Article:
ConferenceThe first large-scale system which incorporates the newly developed CoolStore chiller by Swedish company ClimateWell was commissioned in June 2014 and has since been operating flawlessly at Swedish coffee producer Löfbergs in Karlstad, Sweden. In the middle of October, ClimateWell organised a mini-conference at Löfbergs in order to showcase the installation and its first monitoring results. The measurements taken between 11 and 25 July showed an average electrical coefficient of performance (COPel) of 10.6. This is more than twice as much as for a conventional electric vapour compression system, which has a COPel of between 2 and 5. The highest COP measured at the demonstration plant was 12.
Photos: ClimateWell

Overview of Solar Thermal Process Heat & Cooling in India (2012)

Submitted by Raquel Ponte Costa on October 2, 2014

This presentation was given by Dr. A.K. Singhal of the Indian Ministry of New & Renewable Energy at the 3rd Indo-German Energy Symposium in Delhi in May 2012.  The speaker provides a detailed overview of the various solar thermal technologies already available or still under development in India.  The presentation focuses on Solar Water Heating (SWH), Solar Air Heating, Process Heat and Solar Cooling.   SHW is well developed in India and in 2012 5.10 million m² of collectors had already been installed, with the objective to reach 18.7 million by 2022.

USA: S.O.L.I.D. Operates 3.4 MWth Cooling System as ESCO in Arizona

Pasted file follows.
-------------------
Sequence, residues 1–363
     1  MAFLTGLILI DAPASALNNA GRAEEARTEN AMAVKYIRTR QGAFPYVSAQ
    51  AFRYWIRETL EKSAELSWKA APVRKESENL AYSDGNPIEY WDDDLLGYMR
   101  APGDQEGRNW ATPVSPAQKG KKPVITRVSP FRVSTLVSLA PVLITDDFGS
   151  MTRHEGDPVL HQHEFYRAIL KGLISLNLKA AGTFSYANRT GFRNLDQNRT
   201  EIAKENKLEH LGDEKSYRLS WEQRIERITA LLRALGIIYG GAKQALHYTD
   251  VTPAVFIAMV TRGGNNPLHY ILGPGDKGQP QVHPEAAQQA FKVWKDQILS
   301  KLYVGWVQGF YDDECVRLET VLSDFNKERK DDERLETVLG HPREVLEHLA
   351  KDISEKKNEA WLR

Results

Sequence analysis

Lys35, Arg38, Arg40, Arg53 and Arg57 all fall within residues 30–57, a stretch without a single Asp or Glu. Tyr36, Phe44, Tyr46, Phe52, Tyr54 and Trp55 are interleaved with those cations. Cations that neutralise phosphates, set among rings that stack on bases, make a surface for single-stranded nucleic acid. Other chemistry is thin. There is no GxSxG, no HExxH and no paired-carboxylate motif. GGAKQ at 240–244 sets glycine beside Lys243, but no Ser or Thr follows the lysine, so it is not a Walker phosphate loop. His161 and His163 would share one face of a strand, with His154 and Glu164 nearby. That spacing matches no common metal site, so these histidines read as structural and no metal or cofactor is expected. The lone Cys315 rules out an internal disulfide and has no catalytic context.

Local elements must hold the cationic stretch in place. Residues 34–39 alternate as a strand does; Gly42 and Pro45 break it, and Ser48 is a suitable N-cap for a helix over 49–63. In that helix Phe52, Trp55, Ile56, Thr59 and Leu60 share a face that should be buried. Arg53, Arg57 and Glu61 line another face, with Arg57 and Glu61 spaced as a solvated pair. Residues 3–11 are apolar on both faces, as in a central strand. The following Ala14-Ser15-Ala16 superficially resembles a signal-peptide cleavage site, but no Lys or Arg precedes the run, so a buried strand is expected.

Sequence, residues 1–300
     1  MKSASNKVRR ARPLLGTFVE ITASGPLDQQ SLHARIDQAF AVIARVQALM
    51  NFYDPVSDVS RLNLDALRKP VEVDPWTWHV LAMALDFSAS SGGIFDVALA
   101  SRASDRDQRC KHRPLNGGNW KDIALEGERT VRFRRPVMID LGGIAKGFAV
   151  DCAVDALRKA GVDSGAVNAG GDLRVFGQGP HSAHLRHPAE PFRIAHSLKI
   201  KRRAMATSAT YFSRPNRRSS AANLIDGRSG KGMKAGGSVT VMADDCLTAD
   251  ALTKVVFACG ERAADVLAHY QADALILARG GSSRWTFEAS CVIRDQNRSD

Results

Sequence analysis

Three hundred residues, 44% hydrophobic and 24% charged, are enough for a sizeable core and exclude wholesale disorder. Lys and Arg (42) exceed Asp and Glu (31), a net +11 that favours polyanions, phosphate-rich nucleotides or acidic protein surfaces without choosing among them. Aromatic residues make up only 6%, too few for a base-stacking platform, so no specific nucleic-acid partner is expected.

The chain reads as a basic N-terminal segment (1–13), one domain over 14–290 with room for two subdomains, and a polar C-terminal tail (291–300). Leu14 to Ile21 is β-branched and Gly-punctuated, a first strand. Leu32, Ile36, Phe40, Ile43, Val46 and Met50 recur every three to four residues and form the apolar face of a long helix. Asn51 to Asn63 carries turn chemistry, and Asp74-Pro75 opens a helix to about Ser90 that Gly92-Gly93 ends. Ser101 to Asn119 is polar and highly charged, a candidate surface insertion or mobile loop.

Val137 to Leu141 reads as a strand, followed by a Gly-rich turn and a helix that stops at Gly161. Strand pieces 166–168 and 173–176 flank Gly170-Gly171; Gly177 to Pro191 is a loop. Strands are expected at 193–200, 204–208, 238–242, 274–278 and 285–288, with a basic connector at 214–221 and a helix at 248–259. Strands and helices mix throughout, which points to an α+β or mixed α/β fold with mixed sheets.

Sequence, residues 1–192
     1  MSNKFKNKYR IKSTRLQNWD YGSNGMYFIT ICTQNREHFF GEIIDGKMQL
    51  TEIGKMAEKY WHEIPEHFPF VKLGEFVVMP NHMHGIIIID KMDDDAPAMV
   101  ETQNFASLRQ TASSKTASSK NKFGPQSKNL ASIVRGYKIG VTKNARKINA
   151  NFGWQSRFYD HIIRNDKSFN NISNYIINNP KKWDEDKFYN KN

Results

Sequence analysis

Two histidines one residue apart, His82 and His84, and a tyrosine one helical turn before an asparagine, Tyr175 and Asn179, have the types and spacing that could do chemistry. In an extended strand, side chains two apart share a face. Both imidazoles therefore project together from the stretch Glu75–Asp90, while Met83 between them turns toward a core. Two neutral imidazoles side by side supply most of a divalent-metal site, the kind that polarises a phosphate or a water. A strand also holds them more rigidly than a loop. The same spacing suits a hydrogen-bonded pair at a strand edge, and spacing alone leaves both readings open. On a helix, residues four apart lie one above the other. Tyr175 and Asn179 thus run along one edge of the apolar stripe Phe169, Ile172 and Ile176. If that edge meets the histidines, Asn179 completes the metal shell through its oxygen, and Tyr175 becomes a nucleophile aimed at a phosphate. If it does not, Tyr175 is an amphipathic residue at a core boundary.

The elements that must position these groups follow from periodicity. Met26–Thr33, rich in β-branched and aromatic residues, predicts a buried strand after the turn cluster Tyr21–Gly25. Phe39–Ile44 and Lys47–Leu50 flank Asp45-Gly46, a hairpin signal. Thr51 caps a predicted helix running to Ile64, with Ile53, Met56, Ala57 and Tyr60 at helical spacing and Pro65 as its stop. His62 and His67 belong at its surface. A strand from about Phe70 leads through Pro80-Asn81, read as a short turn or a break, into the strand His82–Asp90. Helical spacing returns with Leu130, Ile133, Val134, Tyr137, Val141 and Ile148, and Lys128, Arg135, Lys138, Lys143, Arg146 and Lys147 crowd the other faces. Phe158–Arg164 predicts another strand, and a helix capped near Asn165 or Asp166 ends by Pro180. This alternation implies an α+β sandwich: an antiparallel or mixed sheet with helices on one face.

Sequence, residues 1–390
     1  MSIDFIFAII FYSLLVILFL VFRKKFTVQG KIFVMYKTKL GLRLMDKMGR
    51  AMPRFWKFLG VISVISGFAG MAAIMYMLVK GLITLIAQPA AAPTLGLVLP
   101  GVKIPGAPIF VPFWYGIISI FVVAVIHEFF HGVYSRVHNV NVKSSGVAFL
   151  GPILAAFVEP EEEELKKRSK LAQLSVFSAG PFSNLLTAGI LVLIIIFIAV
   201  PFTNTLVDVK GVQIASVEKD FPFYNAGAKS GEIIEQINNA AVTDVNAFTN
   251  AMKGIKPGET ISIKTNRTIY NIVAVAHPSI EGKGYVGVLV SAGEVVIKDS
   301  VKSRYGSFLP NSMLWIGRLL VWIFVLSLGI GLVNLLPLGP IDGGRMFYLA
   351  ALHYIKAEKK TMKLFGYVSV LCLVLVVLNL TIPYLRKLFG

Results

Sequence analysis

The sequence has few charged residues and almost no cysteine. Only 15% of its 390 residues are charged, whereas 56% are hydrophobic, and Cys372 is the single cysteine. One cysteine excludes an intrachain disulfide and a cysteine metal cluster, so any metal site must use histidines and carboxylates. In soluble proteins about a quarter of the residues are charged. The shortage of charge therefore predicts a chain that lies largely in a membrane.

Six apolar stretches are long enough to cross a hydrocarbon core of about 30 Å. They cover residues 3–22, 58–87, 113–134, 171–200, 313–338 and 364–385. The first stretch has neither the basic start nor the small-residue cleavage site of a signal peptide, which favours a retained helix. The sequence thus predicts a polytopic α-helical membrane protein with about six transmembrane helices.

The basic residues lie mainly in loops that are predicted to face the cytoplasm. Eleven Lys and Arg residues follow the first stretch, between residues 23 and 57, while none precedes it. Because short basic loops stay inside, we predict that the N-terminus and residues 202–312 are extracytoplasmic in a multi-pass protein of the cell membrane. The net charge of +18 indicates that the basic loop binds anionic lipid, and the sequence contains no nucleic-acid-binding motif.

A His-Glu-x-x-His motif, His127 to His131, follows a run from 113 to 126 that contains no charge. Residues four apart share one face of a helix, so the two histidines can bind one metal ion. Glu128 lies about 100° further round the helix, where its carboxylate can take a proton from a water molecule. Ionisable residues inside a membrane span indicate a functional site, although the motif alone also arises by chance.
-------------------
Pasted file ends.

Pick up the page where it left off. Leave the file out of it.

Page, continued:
Submitted by Baerbel Epp on August 29, 2014
Desert Mountain High SchoolIt is an ideal location for solar cooling use: Scottsdale, a US city in the Greater Phoenix area in Arizona enjoys an average of 312 days of sunshine every year. Between May and September, temperatures rise above 38°C and can even reach 46°C on a hot day. This is where in July 2011, Austrian company S.O.L.I.D has started to plan a solar cooling system for Scottsdale’s Desert Mountain High School (DMHS) of 2,600 students. Three years later, the 3.4 MWth (4,865 m² of collector area) system went into operation and is now supplying heat to a single-effect lithium bromide absorption chiller with a cooling capacity of 1,750 kW. The solar cooling installation at the DMHS is currently the largest of its kind in the world, having surpassed the 2.7 MWth solar thermal capacity (3,900 m²) of another S.O.L.I.D system at the United World College (UWC) in Singapore.
Photo: S.O.L.I.D.

South Africa: Fresnel Collectors Keep It Cool in MTN’s Server Rooms

Submitted by Baerbel Epp on August 28, 2014
Industrial SolarSince June 2014, a Fresnel collector field with 242 kWth has been feeding into the district cooling system of the MTN Group at its headquarters in Johannesburg, South Africa. MTN, which has more than 200 million customers, as well as subsidiaries in 22 countries across Africa and the Middle East, is one of the leading mobile operators in South Africa – and it is aware of the impact of global warming. “We continuously explore ways in which we can lessen the impact of our operations on the environment. This initiative will not only reduce our carbon footprint but it will substantially reduce our electricity consumption, which will release additional capacity for the national grid,” MTN’s CEO, Zunaid Bulbulia, was quoted as saying in a press release from 17 July 2014. The concentrating solar thermal plant powers the double-effect absorption chiller whose cooling capacity of 330 kW keeps temperatures low in the data centre at MTN’s head office. 
Photo: Industrial Solar